The IPKat noticed this article (also noted here and here), which reports that computer game developer Topware Interactive (previously reported by the IPKat in relation to a recent related patents court decision here) have now managed to get a further high court order to force UK ISPs to reveal the identities of thousands of people believed to be involved in internet file sharing.
This development, although apparently a surprise to ISPs, comes as no surprise to the IPKat, who saw no reason why such a move couldn't have been done before, an obvious target for such a move being music file sharing (see previous posts here, here, here, here and here). What the IPKat didn't expect is that the computer games industry would steal a march on the music industry and go ahead with taking action against individual file sharers. He wonders what will happen now, and how many alleged infringers will have the nerve to resist the settlement offer.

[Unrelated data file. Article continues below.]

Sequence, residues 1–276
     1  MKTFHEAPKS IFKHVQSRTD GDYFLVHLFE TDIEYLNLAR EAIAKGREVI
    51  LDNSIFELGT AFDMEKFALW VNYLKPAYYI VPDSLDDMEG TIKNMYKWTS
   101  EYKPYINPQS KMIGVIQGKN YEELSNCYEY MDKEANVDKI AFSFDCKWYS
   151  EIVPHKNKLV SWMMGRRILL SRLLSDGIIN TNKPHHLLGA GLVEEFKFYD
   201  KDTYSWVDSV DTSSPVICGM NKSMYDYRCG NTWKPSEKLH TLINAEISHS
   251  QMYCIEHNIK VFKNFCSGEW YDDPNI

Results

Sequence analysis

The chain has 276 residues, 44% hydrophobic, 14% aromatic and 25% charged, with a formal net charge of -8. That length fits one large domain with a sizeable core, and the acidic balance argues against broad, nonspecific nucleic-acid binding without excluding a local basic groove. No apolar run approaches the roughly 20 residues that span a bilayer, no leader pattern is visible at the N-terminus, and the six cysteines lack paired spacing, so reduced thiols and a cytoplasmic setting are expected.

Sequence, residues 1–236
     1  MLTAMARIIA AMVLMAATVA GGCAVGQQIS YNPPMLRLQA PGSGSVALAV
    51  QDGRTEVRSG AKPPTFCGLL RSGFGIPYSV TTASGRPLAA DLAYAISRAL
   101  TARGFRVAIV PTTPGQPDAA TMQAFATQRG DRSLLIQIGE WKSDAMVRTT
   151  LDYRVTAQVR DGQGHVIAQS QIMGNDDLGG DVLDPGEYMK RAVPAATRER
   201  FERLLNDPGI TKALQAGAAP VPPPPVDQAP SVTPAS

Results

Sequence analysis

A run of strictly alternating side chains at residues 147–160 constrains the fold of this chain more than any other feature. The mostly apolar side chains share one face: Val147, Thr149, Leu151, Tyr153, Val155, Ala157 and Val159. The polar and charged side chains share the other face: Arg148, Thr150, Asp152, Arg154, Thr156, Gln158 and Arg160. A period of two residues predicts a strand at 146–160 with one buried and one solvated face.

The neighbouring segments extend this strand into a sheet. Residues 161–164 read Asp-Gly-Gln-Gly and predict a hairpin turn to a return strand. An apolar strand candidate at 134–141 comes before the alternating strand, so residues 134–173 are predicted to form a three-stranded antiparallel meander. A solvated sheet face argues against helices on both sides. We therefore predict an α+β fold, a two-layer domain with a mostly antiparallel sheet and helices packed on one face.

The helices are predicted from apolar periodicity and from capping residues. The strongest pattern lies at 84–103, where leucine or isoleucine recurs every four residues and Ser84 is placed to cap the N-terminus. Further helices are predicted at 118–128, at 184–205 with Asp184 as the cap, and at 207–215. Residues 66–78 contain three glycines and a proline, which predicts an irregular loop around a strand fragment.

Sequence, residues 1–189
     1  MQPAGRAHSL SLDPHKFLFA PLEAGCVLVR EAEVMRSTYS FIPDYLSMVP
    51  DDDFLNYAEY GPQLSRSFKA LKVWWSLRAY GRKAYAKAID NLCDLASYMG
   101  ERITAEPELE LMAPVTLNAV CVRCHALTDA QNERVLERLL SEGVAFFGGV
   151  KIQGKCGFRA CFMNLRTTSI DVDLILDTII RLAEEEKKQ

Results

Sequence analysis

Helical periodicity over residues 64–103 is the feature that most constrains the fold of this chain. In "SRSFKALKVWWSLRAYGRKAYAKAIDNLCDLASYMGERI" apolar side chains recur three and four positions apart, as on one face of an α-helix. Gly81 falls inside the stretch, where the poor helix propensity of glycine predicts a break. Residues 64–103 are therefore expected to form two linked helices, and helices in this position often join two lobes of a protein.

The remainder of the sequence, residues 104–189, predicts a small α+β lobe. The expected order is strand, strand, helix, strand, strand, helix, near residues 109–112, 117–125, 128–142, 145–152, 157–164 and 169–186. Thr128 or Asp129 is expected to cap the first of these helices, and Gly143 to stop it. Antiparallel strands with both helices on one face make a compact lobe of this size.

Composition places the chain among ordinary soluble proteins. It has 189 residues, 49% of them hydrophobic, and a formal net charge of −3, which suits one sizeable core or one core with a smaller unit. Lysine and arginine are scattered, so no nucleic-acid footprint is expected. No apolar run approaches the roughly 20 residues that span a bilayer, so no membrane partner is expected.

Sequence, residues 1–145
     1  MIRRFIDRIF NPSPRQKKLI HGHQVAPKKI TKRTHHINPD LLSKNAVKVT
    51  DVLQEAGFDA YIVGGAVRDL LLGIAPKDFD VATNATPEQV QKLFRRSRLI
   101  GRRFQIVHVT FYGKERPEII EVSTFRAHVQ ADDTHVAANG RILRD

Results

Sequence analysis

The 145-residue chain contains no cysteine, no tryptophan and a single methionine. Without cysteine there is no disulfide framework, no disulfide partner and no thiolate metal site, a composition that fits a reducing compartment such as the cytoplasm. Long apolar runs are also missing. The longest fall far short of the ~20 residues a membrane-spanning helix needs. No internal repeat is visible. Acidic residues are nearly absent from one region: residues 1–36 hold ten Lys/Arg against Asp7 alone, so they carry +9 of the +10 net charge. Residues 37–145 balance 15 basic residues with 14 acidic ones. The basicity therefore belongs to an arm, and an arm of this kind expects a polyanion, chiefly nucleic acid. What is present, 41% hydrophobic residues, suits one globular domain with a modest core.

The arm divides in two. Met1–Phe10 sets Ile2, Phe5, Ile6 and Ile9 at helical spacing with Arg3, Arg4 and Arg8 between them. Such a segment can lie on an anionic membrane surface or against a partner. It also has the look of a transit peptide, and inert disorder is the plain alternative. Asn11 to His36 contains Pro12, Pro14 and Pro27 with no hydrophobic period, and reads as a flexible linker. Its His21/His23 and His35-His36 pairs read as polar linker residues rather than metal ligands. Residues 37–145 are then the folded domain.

Friday, 5 September 2008
An interesting comment made here is that the games involved in this action are allegedly mostly second rate, and didn't sell many copies. Is this a justification for going after people found copying these games, to make poor games pay? Does it matter? The IPKat thought that copyright infringement was the same regardless of the quality of the material, but this view is apparently not universally shared.